Field of Practice - Workplace Justice

The Workplace Justice Project was created in December 2005 as a response to community need after hurricane Katrina hit New Orleans on August 29, 2005. The city saw an influx of new workers attracted by the opportunity to rebuild a city ravaged by water and wind. Many of these workers were discriminated against and saw their wages stolen by their employers. The Workplace Justice Project, in partnership with Catholic Charities Archdiocese of New Orleans-Hispanic Apostolate Community Services and the Pro Bono Project, created a Wage Claim Clinic to allow all three partners to combine their strengths in an effort to address discrimination and claims of unpaid wages. In January 2008, all three partners officially began the Wage Claim Clinic, which operates every Thursday night. In September 2011, the project was fully institutionalized under the Stuart H. Smith Law Clinic and Center for Social Justice.

The Workplace Justice Project, through the participation of Student Practitioners who assist in the Wage Claim Clinic, works toward the goal of educating workers about their rights and the legal process, litigating their claims in order to hold employers accountable and advocating for changes and modifications in the law, where appropriate, so that workers’ working conditions are respected and wages are valued, protected and recovered in the least expensive, most efficient way possible. In this context, Student Practitioners have the opportunity to represent clients from initial interview and counsel to final resolution by negotiation, trial or appeal , in varied causes of action in employment law, including but not limited to state remedies for non-payment of wages, state construction labor liens, state obligations law, Federal Fair Labor Standards Act, Title VII, Age Discrimination in Employment Act, American with Disabilities Act, 42 USC §1981, Immigration Reform and Control Act of 1986-Anti-Discrimination Provisions, concerted activity under the National Labor Relations Act, workers as creditors in Bankruptcy Court and state and federal procedural law. Moreover, the Thursday night clinic affords students the opportunity to develop and improve their interview and writing skills, as well as their ability to make appropriate legal assessments of particular causes of action.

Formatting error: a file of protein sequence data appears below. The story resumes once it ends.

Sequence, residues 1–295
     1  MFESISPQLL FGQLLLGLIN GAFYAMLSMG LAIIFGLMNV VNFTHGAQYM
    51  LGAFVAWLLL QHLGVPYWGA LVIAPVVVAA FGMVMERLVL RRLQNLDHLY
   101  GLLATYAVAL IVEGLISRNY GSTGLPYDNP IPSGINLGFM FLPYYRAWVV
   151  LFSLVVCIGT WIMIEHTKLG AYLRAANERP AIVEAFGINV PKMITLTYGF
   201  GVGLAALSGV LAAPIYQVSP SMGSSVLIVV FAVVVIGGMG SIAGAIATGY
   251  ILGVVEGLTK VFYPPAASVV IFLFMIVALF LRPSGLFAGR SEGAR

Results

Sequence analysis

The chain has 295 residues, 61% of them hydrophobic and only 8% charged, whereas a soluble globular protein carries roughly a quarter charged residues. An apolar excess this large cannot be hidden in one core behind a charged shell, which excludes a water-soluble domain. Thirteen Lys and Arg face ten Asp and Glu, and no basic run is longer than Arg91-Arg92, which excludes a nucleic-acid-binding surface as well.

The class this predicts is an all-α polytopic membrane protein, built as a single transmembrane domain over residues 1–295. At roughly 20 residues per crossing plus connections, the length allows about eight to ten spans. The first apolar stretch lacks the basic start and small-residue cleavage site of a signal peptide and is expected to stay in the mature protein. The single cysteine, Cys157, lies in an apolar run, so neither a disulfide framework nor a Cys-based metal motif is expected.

In addition to the work of the Student Practitioners, the Workplace Justice Project relies on the generous assistance of interested and committed volunteers, including law students, licensed attorneys and interpreters. In 2011 alone, in addition to those cases opened for litigation, the Project, through the Wage Claim Clinic, completed intake interviews with 236 new workers, wrote 113 demand letters for unpaid wages and met with a total of 580 workers.